Wholehearted Living

My therapist recently recommended a book by Brene Brown called The Gifts of Imperfection, which was published in 2010. Brown is revered for her work in studying shame. I was recommended this book because I am constantly comparing myself to others around me. Friends my age are married with kids in houses they own. Other friends have great careers, or they are working on the right track to a good career. When I look at myself, I see someone who is behind in life. After reading this book, I cannot believe how much my eyes opened.

Brown’s book focuses on Wholehearted living while embracing who you are. She redefines ideas such as courage, compassion, and faith. And I promise, it is an easy book to read.

She splits up her book into ten guideposts that help break down each component of Wholehearted living. She comes up with this term of DIG deep. She explains that initially, she believed it was simply finding it somewhere inside you to keep powering through whatever you are doing…homework, work, chores, etc. However, she redefines DIG deep as something completely else through her research:

“Deliberate in…thoughts and behaviors through prayer, meditation, or simply setting…intentions;

Inspired to make new and different choices;

Going…take action” (p.5).

At the end of each guidepost, she uses examples from her personal life on how she uses DIG deep to manage her Wholehearted living. Her personal life examples make the concepts she discusses or the situations she introduces feel more real, more relatable.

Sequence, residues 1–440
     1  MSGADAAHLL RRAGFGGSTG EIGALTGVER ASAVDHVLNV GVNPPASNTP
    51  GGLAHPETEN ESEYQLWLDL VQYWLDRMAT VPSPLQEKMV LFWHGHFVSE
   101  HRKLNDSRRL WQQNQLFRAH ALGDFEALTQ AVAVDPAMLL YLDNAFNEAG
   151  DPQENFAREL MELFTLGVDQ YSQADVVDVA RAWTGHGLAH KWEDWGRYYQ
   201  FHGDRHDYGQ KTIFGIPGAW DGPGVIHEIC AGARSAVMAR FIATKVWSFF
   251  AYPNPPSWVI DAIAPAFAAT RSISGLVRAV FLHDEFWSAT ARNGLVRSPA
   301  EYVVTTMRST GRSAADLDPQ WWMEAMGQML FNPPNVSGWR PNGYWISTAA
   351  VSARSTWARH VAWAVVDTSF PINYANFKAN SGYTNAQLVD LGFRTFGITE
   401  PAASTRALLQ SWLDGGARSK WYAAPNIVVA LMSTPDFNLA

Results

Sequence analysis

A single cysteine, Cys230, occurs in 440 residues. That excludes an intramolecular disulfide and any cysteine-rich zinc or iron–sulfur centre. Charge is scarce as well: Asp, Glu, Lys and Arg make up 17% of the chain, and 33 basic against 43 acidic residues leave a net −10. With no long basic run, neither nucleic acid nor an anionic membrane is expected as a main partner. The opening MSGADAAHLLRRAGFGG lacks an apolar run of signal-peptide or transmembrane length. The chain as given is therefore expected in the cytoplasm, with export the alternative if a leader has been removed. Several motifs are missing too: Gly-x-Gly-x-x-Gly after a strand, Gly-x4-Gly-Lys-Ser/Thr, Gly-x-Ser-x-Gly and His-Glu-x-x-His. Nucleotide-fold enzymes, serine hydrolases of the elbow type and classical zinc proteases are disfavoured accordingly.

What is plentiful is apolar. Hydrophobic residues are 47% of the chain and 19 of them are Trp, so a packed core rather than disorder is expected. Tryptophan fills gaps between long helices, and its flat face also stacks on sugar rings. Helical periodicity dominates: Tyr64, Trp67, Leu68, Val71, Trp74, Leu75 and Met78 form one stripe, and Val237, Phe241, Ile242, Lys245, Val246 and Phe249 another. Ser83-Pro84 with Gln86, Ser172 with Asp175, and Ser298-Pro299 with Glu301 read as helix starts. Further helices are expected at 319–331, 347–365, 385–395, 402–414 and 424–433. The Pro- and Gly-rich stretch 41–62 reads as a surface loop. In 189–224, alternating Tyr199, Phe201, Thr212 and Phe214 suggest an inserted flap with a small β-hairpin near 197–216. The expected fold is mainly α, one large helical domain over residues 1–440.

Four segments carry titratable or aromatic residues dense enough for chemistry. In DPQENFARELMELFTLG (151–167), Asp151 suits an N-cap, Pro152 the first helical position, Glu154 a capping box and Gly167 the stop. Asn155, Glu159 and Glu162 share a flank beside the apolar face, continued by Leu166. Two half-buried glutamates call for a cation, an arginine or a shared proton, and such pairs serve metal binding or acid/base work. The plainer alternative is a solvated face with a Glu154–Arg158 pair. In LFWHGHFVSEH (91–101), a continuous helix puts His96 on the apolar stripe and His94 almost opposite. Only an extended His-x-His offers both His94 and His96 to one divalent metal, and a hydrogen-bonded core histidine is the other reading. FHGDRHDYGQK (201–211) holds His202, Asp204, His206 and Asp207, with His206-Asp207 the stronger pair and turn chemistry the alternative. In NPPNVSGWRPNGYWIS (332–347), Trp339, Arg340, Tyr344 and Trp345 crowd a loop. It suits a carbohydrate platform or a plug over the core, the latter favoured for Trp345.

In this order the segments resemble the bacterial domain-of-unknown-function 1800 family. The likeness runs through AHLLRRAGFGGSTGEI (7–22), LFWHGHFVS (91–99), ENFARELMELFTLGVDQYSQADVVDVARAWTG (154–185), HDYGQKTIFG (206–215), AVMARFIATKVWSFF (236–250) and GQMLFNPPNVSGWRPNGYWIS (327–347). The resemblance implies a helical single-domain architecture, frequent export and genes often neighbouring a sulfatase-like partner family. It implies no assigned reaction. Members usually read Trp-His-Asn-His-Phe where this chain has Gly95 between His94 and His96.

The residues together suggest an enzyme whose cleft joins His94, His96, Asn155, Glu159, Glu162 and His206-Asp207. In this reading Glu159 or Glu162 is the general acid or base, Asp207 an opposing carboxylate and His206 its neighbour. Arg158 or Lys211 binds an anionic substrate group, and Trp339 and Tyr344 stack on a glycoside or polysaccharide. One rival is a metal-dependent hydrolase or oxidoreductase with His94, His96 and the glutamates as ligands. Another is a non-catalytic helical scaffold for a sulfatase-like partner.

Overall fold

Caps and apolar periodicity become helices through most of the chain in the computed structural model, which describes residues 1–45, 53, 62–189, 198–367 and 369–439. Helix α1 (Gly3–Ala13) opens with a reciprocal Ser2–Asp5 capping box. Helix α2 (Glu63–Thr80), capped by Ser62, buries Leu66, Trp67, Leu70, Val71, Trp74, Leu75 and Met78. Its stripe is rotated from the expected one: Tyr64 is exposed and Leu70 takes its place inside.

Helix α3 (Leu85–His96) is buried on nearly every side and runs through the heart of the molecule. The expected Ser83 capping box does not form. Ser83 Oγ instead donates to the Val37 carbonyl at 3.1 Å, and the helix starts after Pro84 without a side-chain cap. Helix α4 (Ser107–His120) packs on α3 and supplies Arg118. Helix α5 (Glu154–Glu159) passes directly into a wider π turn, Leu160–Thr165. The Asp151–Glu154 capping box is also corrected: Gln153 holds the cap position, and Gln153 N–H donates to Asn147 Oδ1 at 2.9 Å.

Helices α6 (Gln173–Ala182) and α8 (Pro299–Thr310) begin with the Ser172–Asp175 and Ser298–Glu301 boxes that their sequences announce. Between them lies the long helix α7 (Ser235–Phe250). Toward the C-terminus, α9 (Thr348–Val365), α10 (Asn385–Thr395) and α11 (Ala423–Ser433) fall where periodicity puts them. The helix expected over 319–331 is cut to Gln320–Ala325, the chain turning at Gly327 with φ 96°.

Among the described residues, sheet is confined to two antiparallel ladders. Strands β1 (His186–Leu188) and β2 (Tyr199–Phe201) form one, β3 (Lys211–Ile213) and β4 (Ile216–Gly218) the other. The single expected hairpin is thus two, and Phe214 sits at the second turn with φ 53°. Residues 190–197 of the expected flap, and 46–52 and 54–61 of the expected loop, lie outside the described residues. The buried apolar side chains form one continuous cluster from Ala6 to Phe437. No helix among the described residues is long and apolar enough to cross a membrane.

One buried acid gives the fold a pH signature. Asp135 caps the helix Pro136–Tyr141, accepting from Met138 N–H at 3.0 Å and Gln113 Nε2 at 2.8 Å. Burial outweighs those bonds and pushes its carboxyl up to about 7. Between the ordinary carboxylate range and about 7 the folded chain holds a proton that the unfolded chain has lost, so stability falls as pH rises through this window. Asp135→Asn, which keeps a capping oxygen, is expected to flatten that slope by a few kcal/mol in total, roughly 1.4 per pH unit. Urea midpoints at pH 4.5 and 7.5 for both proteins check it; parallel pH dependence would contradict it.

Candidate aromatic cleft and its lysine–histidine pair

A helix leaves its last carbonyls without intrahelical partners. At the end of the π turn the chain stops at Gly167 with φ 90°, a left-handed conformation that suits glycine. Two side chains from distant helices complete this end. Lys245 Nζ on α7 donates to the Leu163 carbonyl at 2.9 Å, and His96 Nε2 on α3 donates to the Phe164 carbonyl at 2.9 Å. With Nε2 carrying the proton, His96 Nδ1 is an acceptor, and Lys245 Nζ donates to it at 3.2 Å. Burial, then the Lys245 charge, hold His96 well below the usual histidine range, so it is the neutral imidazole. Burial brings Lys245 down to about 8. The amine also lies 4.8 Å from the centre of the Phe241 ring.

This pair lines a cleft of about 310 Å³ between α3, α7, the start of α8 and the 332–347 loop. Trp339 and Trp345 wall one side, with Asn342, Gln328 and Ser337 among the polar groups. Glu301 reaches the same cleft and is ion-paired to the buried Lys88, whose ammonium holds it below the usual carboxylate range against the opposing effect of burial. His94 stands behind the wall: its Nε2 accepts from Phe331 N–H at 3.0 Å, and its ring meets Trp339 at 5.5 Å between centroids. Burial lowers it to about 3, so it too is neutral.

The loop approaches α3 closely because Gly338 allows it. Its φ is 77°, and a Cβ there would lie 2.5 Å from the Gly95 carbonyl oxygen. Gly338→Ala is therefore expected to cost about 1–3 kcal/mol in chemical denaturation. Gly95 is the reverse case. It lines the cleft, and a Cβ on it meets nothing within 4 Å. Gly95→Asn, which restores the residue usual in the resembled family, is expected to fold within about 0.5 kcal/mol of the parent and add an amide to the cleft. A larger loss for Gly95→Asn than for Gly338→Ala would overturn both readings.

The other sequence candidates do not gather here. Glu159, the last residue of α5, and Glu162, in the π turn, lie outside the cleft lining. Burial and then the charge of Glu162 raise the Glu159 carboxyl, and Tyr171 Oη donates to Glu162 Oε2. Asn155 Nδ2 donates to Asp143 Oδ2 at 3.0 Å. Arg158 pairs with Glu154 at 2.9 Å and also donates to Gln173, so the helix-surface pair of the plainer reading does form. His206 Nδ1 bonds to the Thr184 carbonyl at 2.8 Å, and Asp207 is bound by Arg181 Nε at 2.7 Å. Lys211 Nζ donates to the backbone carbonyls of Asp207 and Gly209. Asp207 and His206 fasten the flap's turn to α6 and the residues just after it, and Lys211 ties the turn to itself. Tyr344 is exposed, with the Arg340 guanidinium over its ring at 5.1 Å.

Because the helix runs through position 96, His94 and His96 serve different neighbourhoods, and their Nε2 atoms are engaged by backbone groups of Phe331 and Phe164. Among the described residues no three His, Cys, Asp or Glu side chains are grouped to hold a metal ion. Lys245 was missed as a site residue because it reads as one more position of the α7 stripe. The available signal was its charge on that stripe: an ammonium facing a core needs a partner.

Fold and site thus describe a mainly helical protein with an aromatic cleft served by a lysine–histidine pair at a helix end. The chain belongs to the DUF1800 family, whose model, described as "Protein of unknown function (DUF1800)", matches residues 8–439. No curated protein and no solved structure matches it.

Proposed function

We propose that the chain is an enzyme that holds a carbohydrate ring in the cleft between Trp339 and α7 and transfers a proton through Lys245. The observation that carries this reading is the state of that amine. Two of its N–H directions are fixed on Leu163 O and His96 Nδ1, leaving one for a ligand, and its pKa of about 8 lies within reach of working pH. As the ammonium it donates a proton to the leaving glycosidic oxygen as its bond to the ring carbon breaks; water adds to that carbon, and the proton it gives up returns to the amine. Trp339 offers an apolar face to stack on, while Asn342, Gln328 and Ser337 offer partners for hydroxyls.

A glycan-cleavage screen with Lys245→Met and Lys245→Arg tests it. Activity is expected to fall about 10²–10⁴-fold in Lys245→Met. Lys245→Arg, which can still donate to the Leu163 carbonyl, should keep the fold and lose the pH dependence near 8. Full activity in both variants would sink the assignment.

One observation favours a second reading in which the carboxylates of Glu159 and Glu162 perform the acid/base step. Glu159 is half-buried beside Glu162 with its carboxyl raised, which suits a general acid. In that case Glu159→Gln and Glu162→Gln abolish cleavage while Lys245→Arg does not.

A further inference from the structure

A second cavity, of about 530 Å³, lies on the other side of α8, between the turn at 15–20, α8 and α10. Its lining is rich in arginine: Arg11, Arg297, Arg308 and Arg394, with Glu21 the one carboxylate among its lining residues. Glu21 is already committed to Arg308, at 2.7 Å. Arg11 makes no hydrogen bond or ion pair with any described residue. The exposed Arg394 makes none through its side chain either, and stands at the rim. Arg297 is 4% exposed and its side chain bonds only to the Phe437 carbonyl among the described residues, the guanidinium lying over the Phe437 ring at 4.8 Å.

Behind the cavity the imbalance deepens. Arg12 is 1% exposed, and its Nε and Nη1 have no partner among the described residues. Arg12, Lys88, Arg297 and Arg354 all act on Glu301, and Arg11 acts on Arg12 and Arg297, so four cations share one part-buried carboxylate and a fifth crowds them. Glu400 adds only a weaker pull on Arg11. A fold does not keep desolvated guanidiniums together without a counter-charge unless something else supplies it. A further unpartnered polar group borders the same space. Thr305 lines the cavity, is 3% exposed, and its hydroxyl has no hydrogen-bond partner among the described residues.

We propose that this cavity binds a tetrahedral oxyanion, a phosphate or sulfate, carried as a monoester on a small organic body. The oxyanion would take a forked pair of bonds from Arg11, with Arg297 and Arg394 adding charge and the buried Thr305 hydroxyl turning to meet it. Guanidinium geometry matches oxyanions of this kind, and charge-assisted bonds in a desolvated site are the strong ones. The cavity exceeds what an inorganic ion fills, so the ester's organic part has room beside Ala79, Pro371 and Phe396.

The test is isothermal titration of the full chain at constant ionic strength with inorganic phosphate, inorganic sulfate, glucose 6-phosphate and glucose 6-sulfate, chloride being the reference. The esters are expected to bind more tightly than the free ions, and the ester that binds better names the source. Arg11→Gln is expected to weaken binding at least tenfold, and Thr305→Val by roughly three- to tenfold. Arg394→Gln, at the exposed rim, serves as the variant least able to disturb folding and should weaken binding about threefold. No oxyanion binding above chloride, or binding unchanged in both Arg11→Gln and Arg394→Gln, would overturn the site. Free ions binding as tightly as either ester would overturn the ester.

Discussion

She discusses compassion and courage in her life as well. She explains that people should connect with others, but only share their stories with people who have earned the right to hear them. She states, as my therapist has told me over and over, that humans are wired biologically for connection to other humans. However, your stories should be shared with someone who will support you instead of creating more shame to the situation. She breaks down the six types of friends that should be avoided….

  1. The friend that feels the shame for you, and who you have to cheer up after sharing your story with them.
  2. The sympathetic friend who is not empathetic.
  3. The disappointed friend.
  4. The friend who scolds you because they are uncomfortable with vulnerability.
  5. The friend who refuses to acknowledge mistakes.
  6. The friend that tries to beat your shame story with one of their own.

We all know someone like this. I can name at least one person I know for each category. I can only say, with certainty, I have one friend who does not fall into any of these; she is always there, and she has earned her right to hear my stories.